Make the Third Pass – Remove the stop block and kerfmaker, then you are ready to begin. Carefully cut away all the wood between the two cuts you made earlier so that the dado can be formed.
How to Make a Dado With a Kerfmaker – Cleaning Up
Sand the Edges – Using a sanding block, buff out any splinters and roughness along the edges of the dado that has been cut. Begin with P120 coarse-grade sandpaper then progress to finer grits for a perfectly polished look.
Check the Fit – Before proceeding with the subsequent step of your project, assess the fit of the dado to guarantee it is accurate in size and depth. If the dado is too close or too loose, you can easily make slight modifications by sanding down or taking out more material with a chisel.it
Tips and Tricks
Importance of Measuring – Accuracy is paramount when it comes to crafting a dado. Prior to making any cuts, take the time to double check your measurements and adjust the kerfmaker width as appropriate for the intended dado.
Importance of Safety – It is critical to adhere to the right safety regulations when operating a kerfmaker or any power tool so as to prevent any harm. Such precautions include wearing protective eyewear, ear protection, and ensuring that the working material is securely affixed before initiating any cutting action.
Alternative Methods for Cutting a Dado – Exploring a variety of techniques can help you determine the best way to cut a dado. For instance, a table saw with a dado stack, router or miter saw with depth stop could all do the job; however, each comes with its own advantages and drawbacks.
- Table saw with dado blades: In some countries, the sale or use of a dado blade is illegal due to safety regulations. This is because a dado blade is a type of saw blade that can cut wide grooves using two or more circular saw blades stacked side-by-side. Because of the potential danger posed by these blades when used by an inexperienced user, many countries have imposed strict restrictions on their use or sale. To know if you can purchase and/or use a dado blade in your area, please check out my article Can I Use Dado Blades On My Table Saw? Solved!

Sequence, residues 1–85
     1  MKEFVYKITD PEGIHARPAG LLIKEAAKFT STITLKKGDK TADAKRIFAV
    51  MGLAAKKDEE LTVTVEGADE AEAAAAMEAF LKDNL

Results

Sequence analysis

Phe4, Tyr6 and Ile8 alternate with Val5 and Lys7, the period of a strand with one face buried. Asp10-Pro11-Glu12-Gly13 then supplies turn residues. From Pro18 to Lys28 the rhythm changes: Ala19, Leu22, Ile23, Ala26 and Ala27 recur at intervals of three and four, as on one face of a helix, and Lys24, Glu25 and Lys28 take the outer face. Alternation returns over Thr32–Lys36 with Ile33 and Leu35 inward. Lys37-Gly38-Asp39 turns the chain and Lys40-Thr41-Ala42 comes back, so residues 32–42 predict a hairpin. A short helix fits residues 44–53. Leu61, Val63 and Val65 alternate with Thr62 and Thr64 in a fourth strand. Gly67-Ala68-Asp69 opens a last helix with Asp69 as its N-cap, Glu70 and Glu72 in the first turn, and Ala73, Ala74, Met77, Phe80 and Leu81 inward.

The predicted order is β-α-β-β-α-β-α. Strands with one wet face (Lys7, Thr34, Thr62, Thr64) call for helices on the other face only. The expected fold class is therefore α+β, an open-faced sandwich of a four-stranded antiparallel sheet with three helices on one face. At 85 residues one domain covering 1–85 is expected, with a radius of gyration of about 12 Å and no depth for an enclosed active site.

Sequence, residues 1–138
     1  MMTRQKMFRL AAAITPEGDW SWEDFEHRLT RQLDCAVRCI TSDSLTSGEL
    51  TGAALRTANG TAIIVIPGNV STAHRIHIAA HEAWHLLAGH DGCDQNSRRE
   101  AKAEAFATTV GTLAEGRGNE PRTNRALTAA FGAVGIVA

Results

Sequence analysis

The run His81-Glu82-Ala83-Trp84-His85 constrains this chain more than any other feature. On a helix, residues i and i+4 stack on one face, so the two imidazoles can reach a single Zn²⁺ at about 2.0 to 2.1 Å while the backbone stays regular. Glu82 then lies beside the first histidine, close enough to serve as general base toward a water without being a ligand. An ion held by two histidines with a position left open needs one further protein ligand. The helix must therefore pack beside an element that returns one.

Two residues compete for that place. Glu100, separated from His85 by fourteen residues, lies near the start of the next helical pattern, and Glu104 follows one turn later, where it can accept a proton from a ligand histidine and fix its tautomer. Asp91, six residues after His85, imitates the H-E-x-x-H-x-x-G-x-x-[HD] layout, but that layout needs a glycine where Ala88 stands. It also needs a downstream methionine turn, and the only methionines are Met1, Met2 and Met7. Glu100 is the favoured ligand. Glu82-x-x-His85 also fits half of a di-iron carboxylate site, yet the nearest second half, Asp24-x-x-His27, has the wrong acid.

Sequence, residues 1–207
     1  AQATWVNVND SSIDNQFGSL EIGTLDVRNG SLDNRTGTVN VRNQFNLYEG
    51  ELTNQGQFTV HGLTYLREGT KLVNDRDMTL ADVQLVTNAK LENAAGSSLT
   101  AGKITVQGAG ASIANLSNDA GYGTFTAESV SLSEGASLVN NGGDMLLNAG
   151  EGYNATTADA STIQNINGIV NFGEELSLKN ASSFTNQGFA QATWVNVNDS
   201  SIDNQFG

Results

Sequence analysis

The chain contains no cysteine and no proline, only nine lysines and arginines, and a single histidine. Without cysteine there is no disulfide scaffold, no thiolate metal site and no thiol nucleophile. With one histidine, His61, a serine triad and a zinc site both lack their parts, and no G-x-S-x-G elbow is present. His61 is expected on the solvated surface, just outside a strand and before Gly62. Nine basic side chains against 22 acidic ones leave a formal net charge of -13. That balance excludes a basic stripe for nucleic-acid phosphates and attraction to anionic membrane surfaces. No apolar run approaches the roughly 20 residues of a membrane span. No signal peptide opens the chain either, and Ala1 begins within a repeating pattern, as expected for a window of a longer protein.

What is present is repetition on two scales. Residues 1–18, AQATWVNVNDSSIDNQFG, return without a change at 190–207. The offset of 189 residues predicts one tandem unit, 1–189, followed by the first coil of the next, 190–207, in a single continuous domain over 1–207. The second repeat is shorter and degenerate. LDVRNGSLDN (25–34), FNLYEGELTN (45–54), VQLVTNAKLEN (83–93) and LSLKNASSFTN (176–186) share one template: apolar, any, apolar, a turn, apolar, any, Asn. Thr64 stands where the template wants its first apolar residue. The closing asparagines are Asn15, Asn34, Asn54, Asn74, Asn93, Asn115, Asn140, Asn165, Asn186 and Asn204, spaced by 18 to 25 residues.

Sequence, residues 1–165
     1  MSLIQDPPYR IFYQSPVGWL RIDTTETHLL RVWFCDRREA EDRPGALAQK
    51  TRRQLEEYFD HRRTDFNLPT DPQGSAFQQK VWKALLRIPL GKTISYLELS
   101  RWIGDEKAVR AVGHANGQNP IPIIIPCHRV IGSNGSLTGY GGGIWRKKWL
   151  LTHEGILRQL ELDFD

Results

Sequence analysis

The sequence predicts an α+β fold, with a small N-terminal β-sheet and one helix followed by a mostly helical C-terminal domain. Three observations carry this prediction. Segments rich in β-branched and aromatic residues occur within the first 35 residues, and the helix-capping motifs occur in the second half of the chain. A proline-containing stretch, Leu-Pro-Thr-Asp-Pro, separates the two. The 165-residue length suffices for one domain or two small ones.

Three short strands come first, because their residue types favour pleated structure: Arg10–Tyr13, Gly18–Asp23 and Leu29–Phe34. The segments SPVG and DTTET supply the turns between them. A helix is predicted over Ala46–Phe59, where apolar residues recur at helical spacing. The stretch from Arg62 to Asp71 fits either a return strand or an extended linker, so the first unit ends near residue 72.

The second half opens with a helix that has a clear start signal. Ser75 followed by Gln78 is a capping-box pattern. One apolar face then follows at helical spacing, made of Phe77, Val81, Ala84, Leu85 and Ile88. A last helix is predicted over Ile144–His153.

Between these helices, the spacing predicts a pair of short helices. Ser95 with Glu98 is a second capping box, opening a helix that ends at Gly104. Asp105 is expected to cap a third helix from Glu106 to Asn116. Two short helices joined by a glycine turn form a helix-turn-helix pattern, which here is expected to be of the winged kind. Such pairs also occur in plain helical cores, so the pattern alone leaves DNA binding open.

- Using a miter saw with depth stop: Creating a dado with a miter saw and depth stop involves setting up the saw to cut at an angle of 90 degrees and adjusting the depth stop until it reaches the desired depth. Once these have been done, you can start to cut the sides of your dado. To finish off, multiple passes are needed between the two cuts made earlier to remove any remaining wood. Not all Miter saws have a depth stop. If you want one that has this function, I can recommend the Kapex 120 from Festool. I have this miter saw myself and you can read my honest thoughts about it in my article Festool Kapex KS 120 REB Review: Is This the Best Miter Saw Ever?
- Router with a straight bit: This is in my opinion one of the best alternatives to dado blades as it can create dados very fast. With the correct router bit size, you can make a dado of the correct width and depth in just one or two passes. To see how you Do this, check out my step-by-step guide Learn How to Cut Dados with a Router in 5 Easy Steps
Making a dado with a kerfmaker can produce professional-looking results in woodworking projects. With the help of this article and its useful advice, you can confidently construct attractive, practical dado joints effortlessly.
P.S. if you don’t own a kerfmaker, scroll back to the alternative ways and click through to the articles to learn more.
Building your workshop can be daunting, filled with trial and error. Believe me, I’ve been there too.
But it was “The Ultimate Small Workshop” course, a gem I discovered and now endorse on Christofix.com, that provided insights unparalleled to any other. This expertise empowered me to invest wisely and save substantially.
I really suggest it to all of my fellow DIYers and creators!
I hope this was helpful, and that this blog inspires you.
Feel free to share this blog on Facebook, Pinterest, or other social media.
You can do this by using the buttons below or at the top of the blog.
It will be much appreciated.
I’m looking forward to seeing you soon in another blog or video.
Christophe, founder of Christofix.com
Woodworking | DIY | Home decoration